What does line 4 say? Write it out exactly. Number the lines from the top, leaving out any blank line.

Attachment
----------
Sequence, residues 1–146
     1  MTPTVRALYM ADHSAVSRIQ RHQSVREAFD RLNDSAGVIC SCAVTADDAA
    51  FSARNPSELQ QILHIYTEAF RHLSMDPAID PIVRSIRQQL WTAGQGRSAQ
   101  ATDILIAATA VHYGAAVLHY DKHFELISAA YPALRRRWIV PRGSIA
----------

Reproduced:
   101  ATDILIAATA VHYGAAVLHY DKHFELISAA YPALRRRWIV PRGSIA